Advertisement




More DailyStrength
Health Event Calendar
See what's new on the site
Step-by-step Tutorials
How to use DailyStrength
We're on Facebook
Check out our page
Follow us on Twitter
Read our tweets
Get Cool DS Stuff
Shirts, Hats, Baby Wear
Advice:
Probate? Lawyer?
Watch this 
View More Posts Ignore
I was the sole beneficiary on my Hubby's life insurance. Our bank account is joint with right to survivorship. Ditto the house deed with a joint mortgage. Cars jointly titled. In other words, he did not own anything that I do not also own.

He had some debts that were not joint (credit cards), but I am paying those of & obtaining a letter from each creditor saying they have no further claim.

Hubby had a will made years ago (naming only me), but I have not been able to find it yet. Since he did not have an estate in terms of non-jointly held assets, is probate really necessary?

And if so, can't I file the simple small-estate form available in my state?

Is there any real reason I need to hire a lawyer?
Posted on 09/15/10, 08:06 am
13 Replies | Most Recent Add Your Advice
Reminder: This is a support group for Widows & Widowers. We trust you will do your best to remain positive and helpful. For more information, see our rules of the road.

You may also create your own Member Groups where you can moderate the discussion.
Advice:
Email me when others reply to this topic help
View More Posts Ignore
Reply #1 - 09/15/10  10:23am
" Inheritance laws vary in different states. My situation was somewhat similar to yours and I had a will. I went to a lawyer and had to go through probate. Did not have to pay inheritance taxes as the law changed awhile back raising the amount you had to have very high before you had to pay taxes. Life insurance was not included in the probate, but home, vehicles, bank accounts, etc. were. May want to schedule a consultation with a lawyer to see what has to be done in your state. Take care, Sandra "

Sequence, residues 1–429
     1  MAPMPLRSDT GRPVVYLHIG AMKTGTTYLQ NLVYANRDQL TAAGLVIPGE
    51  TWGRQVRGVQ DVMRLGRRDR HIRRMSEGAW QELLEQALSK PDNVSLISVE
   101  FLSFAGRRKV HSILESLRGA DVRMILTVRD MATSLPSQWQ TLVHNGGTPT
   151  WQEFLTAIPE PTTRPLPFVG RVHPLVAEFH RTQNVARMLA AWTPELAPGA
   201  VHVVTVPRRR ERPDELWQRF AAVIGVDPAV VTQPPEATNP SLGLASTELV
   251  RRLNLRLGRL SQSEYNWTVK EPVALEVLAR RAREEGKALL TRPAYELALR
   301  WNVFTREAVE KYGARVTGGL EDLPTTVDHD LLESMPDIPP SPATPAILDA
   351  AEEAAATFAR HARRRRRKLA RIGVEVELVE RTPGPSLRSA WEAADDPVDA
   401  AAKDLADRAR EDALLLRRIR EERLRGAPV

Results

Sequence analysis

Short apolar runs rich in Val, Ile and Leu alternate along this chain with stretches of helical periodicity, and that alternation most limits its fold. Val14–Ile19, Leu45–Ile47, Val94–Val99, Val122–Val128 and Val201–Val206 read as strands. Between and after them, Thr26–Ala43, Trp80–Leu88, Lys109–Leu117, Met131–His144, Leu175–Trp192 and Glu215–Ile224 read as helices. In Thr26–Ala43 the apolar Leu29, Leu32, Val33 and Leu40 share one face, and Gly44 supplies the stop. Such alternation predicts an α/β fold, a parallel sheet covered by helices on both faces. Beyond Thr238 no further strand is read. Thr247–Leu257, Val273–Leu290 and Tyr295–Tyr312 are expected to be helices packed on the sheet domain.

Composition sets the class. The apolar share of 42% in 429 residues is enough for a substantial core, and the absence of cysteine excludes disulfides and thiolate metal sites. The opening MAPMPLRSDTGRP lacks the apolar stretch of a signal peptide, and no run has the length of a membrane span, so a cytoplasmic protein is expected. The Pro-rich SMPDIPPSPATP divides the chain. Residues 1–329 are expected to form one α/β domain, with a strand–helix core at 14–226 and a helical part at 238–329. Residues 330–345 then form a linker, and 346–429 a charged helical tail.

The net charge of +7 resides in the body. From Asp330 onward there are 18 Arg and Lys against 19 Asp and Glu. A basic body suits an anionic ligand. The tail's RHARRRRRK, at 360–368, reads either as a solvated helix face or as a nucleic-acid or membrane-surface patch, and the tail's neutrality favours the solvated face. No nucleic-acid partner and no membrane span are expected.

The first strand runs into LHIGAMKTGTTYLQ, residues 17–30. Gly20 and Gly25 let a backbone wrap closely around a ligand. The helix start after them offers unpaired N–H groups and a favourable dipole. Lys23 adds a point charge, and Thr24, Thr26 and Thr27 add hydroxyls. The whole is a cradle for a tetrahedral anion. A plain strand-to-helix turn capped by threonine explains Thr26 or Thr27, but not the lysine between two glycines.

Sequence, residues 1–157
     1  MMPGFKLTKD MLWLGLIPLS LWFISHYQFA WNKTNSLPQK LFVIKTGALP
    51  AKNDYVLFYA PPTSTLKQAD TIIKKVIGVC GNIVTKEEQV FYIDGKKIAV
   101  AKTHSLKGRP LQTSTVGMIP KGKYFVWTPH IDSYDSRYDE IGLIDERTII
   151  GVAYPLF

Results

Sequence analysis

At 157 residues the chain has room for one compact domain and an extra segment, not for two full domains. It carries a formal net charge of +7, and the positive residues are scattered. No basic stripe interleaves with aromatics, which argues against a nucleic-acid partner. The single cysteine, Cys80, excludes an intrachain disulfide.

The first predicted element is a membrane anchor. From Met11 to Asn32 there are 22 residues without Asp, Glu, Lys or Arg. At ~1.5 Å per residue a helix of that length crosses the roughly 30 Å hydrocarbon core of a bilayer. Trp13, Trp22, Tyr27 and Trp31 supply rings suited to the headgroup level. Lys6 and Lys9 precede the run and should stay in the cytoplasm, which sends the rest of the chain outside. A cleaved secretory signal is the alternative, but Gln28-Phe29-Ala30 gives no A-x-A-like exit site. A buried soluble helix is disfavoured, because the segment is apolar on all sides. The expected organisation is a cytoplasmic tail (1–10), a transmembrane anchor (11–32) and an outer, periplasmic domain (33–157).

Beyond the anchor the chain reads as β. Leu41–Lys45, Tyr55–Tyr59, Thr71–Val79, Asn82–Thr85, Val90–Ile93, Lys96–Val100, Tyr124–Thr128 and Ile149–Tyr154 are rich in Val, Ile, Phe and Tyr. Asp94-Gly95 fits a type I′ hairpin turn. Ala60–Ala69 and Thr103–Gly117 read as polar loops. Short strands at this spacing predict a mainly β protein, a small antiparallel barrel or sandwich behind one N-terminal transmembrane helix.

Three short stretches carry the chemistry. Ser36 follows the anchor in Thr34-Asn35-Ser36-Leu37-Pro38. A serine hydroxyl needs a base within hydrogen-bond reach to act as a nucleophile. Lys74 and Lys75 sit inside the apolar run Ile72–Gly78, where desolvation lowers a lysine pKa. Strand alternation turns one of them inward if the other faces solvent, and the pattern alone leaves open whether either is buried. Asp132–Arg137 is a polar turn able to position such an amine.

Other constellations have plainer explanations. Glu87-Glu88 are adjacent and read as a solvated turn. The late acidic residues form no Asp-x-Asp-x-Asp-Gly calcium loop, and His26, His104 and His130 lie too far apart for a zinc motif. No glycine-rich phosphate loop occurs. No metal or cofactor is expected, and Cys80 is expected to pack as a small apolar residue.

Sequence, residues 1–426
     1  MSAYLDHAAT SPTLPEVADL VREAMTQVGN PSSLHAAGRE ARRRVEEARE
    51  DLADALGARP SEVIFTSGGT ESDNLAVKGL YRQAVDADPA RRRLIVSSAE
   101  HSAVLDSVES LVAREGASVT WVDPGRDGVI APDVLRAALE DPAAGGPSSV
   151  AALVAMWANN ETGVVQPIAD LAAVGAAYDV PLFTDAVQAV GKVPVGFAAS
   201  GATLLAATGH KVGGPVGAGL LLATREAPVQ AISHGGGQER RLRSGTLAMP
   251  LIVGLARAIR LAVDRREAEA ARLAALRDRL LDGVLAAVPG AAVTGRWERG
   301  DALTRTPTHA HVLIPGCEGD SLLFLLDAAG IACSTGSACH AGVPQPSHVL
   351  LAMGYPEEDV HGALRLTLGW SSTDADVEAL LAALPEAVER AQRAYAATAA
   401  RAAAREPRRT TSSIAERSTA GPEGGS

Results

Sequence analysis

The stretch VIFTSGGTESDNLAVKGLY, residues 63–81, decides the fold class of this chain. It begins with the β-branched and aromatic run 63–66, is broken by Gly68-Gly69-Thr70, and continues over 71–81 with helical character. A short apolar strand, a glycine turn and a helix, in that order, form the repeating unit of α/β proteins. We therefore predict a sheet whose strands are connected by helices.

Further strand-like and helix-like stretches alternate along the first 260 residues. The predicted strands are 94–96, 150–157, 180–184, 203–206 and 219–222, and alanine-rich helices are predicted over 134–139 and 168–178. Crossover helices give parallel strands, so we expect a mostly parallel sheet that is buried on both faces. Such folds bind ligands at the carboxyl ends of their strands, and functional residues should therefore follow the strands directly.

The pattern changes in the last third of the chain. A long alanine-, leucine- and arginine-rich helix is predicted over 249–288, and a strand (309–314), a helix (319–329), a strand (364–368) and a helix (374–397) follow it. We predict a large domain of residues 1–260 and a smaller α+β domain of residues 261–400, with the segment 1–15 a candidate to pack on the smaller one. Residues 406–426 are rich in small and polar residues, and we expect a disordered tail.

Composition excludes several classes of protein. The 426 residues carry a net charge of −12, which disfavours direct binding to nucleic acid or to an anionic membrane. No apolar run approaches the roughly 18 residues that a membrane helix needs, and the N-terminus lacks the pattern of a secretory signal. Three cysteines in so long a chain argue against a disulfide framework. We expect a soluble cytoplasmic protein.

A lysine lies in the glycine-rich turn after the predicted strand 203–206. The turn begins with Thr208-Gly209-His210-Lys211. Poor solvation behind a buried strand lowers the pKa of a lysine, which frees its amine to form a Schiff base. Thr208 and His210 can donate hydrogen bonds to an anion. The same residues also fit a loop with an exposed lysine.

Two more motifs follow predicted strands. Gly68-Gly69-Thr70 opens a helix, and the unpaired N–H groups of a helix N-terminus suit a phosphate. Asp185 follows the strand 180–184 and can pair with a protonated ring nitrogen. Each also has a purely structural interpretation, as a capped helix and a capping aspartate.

View More Posts Ignore
Reply #2 - 09/15/10  2:20pm
" I would think you would only need probate if there was any dispute on the property. If you are paying off debts in his name only and everything is clear I would seen no reason for probate. "
View More Posts Ignore
Reply #3 - 09/15/10  3:16pm
" I think the answer is yes, which is good in California, where the costs for probating are relatively enormous. Everything passes to you automatically by operation of law (contract law, beneficiary designation, etc) and all that's left is the personal property (his clothes), which are probably under the threshhold. SInce the estate doesn't have to go through probate because of no probatable assets and it's all passing to the surviving spouse, you should be able to file the expedited paperwork. "
View More Posts Ignore
Reply #4 - 09/18/10  11:02pm
" You do not owe on the credit cards in your husband's name only - they will be dismissed. My husband had no will and there was no reason for me to hire a lawyer or do anything else. Car titles can remain in your husband's name unless you want to sell them. (In my state it is $200 to change the title.) I was advised not to do anything about anything (bank, mortgage, etc.) for at least a year and I have not changed the names on anything - and it has been 10 months now. Everything automatically goes to the wife without a will - I don't know why you need to do anything. "
View More Posts Ignore
Reply #5 - 09/19/10  9:01am